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Game Design and Organization

Now with King Con 2013 over and done with, it's time to focus more on D4: Basic. To be quite honest, a lot has changed with D4 since it's creation.(soooo… if you've downloaded the quick start and tried it, it might be a tad bit outdated, although it still captures the essence of what we're trying to accomplish). Just to list a few things, D4 is now completely based on the 4-sided die, no other die denominations are needed any longer. I've also revamped how dungeons work with D4, they're not so…straight forward... any longer. I'll try and have a new quick start that shows off some of the new concepts as soon as I have time...

and speaking of time, where does it all go? I seem to be always in need of more. This is even more true now that I've dedicated myself to bring D4: Basic to the SCARAB Gaming Convention this January. I was really hoping to that I was going to be able to run a few D4 games at King Con, but who am I kidding? Who has time to play games, or even prepare games, for their own convention?

So I've done a lot of work today to try and organize my D4 efforts and get myself on a timeline. I've installed Mavenlink on the Two Kings Google Business Apps and I went to town creating and assigning tasks to myself, Ammar and Ashton (my wife). I'm hoping this will keep my motivated and on task, because brother, January is right around the corner and there's soooo much to do still to get this game to demo level (now, some of you that have been following this for a while might think to themselves "wait, weren't you really close to being finished with D4 already?"…I was, but really with the changes I listed above the game went over a major overhaul, for the better. The game stands more on its own now and I really think the direction the game is moving will really allow it to shine.)

So here I am, tweaking the D4 monsters while trying to blast through season 7 of Doctor Who (so the whole fam can go watch the Day of the Doctor in the theaters together). The monsters, I gotta say, are really starting to get interesting. I've added in "triggers" for their special powers. These triggers add a strange almost CCG element to the game. These monsters start to feel like Magic: The Gathering cards, but ones that have fallen into an RPG so you can use your wits and teamwork to take them down. 

Game on!

King Con and Other Things

It’s been a while since I’ve updated this blog. A lot has happened since my last post. First, Two Kings Games business. As most of you can tell, we’re trying to get a local gaming convention started here in the MIddle Georgia area. We’ve dubbed it King Con to go along with our name “Two Kings Games”. As you’re reading this, you may or may not know that we’ve actually had a Kickstarter to try and raise funds for the convention. It failed.

That might seem like a bad thing, but strangely enough, it hasn’t been.  Since the initial Kickstarter failure, we’ve been seeing more and more interest in King Con. My only guess to why this is, is that our first Kickstarter was much like one of those first conventions that always seem really rocky. It’s almost as though we were given a pass on that and allowed to start at our second convention.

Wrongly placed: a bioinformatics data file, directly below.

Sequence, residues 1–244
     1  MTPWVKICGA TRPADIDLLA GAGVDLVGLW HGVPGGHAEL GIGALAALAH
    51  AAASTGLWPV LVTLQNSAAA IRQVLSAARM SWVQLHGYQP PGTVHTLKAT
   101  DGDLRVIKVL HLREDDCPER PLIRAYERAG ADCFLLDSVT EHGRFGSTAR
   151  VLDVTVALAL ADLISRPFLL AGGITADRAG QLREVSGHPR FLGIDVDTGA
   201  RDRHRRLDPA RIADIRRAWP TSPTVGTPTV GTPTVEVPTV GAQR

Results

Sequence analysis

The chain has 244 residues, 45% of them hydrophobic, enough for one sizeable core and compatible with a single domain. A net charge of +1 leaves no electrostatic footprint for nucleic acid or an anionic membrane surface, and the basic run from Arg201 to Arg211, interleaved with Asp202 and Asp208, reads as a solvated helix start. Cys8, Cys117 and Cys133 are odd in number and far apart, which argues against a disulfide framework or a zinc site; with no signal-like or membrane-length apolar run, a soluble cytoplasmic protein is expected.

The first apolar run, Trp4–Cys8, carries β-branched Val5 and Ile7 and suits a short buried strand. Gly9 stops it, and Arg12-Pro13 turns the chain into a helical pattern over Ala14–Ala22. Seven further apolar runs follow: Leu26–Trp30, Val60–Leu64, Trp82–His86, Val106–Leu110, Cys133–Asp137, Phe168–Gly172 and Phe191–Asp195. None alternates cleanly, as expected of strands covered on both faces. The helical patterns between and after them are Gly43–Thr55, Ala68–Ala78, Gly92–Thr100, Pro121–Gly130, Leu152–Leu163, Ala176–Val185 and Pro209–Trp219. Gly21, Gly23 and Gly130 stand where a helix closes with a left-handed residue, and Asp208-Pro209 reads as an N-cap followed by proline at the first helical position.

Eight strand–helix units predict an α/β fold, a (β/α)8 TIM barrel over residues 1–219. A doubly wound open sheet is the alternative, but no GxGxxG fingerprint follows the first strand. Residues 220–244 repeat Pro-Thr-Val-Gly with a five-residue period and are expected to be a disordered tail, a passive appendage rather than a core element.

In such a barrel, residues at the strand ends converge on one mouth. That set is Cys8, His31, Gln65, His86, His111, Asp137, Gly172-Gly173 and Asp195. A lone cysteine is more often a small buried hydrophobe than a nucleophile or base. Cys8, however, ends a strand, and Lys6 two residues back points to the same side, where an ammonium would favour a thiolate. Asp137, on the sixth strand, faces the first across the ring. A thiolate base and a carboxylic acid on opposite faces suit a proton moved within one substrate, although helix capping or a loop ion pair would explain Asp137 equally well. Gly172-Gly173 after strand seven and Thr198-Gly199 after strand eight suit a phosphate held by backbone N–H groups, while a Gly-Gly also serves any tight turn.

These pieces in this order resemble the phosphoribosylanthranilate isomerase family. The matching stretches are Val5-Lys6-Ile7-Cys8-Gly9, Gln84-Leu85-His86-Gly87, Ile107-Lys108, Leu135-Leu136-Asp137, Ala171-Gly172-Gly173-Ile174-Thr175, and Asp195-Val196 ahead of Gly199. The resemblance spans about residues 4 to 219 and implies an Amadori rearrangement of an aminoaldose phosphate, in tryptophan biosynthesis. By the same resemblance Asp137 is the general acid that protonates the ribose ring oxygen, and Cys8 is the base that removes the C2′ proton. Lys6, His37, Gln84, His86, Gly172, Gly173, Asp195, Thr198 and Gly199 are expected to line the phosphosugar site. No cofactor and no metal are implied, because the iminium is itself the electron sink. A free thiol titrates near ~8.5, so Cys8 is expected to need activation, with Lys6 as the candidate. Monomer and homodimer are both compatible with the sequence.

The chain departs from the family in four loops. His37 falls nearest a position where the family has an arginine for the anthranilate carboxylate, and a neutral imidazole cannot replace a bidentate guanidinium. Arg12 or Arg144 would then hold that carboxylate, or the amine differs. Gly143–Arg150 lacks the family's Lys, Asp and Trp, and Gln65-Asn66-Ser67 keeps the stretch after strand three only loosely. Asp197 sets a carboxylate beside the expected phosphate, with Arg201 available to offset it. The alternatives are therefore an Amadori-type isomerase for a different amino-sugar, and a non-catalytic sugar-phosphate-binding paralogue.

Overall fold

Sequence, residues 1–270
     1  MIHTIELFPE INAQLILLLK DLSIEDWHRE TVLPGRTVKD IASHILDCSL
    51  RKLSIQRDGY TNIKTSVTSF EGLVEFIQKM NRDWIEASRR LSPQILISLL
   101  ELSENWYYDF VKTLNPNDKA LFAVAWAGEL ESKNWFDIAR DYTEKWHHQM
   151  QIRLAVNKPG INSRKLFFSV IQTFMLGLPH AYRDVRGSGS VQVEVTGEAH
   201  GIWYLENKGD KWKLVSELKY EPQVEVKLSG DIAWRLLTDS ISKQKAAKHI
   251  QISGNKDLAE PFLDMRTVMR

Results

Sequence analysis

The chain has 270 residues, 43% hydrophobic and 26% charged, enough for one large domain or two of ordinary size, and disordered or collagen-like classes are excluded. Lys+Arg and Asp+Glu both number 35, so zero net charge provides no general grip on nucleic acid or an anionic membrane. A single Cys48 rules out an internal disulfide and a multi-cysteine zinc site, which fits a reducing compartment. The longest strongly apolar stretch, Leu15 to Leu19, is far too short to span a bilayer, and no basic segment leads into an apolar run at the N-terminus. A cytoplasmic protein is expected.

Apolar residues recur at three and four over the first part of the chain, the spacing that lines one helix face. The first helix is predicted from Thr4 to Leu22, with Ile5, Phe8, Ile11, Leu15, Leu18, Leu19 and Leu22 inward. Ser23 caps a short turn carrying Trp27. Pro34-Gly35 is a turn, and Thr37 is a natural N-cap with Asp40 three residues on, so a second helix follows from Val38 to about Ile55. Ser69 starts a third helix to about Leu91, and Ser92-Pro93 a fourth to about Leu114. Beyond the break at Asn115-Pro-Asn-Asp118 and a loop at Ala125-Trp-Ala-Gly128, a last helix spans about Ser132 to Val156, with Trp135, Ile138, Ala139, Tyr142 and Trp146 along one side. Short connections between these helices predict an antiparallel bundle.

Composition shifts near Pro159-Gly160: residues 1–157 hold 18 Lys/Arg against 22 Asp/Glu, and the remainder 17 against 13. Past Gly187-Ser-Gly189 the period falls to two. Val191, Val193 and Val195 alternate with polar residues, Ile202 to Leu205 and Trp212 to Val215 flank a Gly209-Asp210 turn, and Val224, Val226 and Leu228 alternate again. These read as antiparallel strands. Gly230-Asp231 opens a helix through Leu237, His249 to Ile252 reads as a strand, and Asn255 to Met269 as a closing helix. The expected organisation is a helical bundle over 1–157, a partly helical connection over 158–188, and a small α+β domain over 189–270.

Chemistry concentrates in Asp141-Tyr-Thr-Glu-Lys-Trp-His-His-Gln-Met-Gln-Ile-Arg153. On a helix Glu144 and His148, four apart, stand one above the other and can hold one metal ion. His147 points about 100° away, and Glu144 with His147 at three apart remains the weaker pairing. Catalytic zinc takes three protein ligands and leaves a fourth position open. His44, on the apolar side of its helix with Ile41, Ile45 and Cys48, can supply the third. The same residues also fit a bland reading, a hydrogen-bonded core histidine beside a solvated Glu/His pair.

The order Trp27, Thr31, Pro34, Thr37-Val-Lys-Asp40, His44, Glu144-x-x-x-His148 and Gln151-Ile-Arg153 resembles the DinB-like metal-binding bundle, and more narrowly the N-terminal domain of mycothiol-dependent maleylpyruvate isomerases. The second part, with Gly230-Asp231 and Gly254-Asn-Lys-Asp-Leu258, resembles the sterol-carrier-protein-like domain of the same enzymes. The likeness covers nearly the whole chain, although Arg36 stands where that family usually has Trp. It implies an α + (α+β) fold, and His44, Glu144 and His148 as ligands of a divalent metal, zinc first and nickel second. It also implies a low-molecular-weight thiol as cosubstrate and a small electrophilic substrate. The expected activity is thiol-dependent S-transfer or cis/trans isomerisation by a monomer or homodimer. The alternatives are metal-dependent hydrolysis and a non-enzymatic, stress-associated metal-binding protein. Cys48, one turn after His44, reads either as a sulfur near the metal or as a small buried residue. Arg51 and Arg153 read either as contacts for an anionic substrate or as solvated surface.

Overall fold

Since our failed Kickstarter I’ve had a number of people approach me with events that they want to run at the convention. Because of this, the  King Con effort will not just end quietly. We’ve started a new Kickstarter and added in the details for all these great events, which include a Magic tournament, a Heroclix tournament, a WarHammer 40k tournament, a HeroScape tournament and a Settlers of Catan tournament. This is not to mention, that two well-liked board game groups have volunteered to run our board game tables. We’ve even signed on a guest of honor to come game with us during the con. With all of this new support I don’t see how we can fail now.

I have to admit, with all the work going into the convention, there hasn’t been a lot of time spent on the D4: Basic development. It’s not a dead project by any means, but there has been a large gap in production. I do plan on having a nice looking, full fledged demo  of D4 at King Con for people to try out.

I’ve also started running Gamma World 1E at Heroes & Villains (the local gaming store here in Warner Robins). It’s been a fun and different ride. This is the first time I’ve ran any version of Gamma World and it took me a little time to get the hang of it completely. My biggest pitfall was that since I have so many players who played a miutant (probably upwards to about 12) that almost every major mutant power is owned by someone in the group. Another tough thing that I battle with, is that I have 2 players with the “giant” power. It’s hard to keep in mind how this effects things such as surprising and how NPCs would react to these giant players.

One thing I liked about the system was the whole “discovering artifact” mechanic. I think it’s a neat mechanic and a wonderful idea. The only beef I have are those stinking little charts are so hard to use, especially in the book. Because of this I came up with my own system. I feel that it does a good job at capturing the randomness of the old system  and uses a simple enough mechanic that you can use it without looking back into the book.

Here’s a download link.

What dost the future hold?

Welcome back traveler. Long time no see. Sit down and let us talk a while. A rousing conversation with an old friend is good for the heart and helps strengthen the soul. A lot has changed since we last had a chat.

Let us discuss the Hero Guide you will soon hold in your hands. Last we talked, I had passed you information that is no longer viable. The Two Kings have converged. and in their council have decided that the tome you will use to bring heroes into being will not be on a system in which you expend points.

Instead, as you will see, it will be quite the opposite! Instead, the rulings used to fabricate our lands' champions will mostly be a random affair! The decisions of the Two Kings were not taken lightly for they understand that the balance of all that is known is at stake.